There is a growing body of literature on how use of nutritional labelling influences adults food purchasing decisions, especially in the light of the new European food information legislation that is making its way through the Brussels law-making process.
Two researchers from the National Taiwan University and the University of Arkansas, in the US, identified a gap in evidence of the impacts on children’s diets, however, and in particular on childhood obesity – even though other determinants of obesity in children have been studied.
In an attempt to bridge this gap Hung-Hao Chang and Rodolpho Nayga studied data from Taiwan’s 2001 National Health Interview Survey. Adults in some 5000 households were asked “When you buy a food item, how often would you check the nutritional information about sugar, fat, salt, phosphate, and cholesterol listed on the label?”.
Respondents had to give their answers as: Never, seldom, sometime, often, or always.
Other variable such as the mother’s age, level of education and religious inclinations were also taken into account, as well as whether she was a smoker or a drinker.
The researchers used a two-stage econometric model to pit these responses against children’s body mass index (BMI). Other variables relating to the children were considered, such as physical activity level, time spent watching TV or playing video games, and whether they eat breakfast.
The researchers wrote in the journal Food Policy: “Results indicate that mother’s nutritional label use leads to lower probability of children becoming overweight and obese.”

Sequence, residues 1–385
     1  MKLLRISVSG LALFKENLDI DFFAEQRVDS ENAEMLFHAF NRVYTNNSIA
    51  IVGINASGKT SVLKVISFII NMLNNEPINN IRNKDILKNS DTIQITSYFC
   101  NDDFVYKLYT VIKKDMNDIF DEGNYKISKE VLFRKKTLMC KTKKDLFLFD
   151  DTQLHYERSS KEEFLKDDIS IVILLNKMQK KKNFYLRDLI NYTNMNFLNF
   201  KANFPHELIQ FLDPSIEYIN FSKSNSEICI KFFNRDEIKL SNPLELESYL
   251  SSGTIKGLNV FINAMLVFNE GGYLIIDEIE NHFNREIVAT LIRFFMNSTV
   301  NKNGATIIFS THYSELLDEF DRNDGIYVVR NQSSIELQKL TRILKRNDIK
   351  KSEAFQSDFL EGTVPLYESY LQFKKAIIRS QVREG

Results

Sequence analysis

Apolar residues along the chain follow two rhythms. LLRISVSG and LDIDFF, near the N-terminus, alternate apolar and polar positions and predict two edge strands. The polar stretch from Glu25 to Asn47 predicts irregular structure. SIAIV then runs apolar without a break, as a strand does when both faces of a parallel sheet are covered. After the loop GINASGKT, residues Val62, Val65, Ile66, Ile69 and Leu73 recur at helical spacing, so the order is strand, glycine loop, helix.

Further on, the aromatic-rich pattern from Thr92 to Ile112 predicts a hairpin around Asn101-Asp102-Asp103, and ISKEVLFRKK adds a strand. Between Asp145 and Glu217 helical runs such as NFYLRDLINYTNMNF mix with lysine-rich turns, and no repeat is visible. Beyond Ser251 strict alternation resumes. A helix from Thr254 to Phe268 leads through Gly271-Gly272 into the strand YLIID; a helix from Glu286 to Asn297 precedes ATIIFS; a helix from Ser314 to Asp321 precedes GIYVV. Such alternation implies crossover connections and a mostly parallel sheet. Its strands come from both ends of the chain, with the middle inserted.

However they added that the magnitude of the effect was rather small, “suggesting that additional instruments or policies are needed if further reduction in children’s body mass index is desired”.
They conclude that while policies and programmes to educate mothers of the benefits of labels will help increase use, the other possible measures include decreasing hours of watching television use, improving quality of school foods, increasing physical activity in schools, and providing formal nutrition education to both adults and children.
The researchers say parallel studies in other countries or regions where childhood obesity is a major problem would be interesting, such as the US, China and the EU, to see if comparable observations are made.
They also noted that mothers and fathers can have different impacts on children’s eating habits. However they chose to focus on mothers’ label use because the vast majority of children in Taiwan are cared for mainly by their mothers, and women are, in the majority of cases, families’ primary food shoppers.
Food Policy (2010) Article in press
Mother’s nutritional label use and children’s body weight
Authors: Hung-Hao Chang, Rodolfo Nayga